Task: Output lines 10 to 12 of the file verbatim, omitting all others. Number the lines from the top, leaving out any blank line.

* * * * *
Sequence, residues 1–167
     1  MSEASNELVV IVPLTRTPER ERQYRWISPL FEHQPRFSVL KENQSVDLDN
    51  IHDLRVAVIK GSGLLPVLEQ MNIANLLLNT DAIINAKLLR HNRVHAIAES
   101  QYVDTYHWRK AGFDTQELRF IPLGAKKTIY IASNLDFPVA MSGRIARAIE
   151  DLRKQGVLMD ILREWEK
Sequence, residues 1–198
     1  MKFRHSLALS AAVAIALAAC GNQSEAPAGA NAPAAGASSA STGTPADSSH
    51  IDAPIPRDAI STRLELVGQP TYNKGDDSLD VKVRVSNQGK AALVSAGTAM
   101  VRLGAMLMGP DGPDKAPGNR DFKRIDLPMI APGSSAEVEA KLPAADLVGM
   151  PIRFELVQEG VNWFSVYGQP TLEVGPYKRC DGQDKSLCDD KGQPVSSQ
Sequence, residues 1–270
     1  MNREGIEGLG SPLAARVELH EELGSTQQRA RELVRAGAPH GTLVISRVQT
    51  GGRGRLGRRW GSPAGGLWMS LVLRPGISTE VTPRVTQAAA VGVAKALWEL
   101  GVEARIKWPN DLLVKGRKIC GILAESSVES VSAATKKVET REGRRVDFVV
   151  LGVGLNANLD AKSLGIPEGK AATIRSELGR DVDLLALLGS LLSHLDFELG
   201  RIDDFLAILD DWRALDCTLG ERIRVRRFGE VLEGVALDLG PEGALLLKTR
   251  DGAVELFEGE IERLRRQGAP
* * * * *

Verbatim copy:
   151  PIRFELVQEG VNWFSVYGQP TLEVGPYKRC DGQDKSLCDD KGQPVSSQ
Sequence, residues 1–270
     1  MNREGIEGLG SPLAARVELH EELGSTQQRA RELVRAGAPH GTLVISRVQT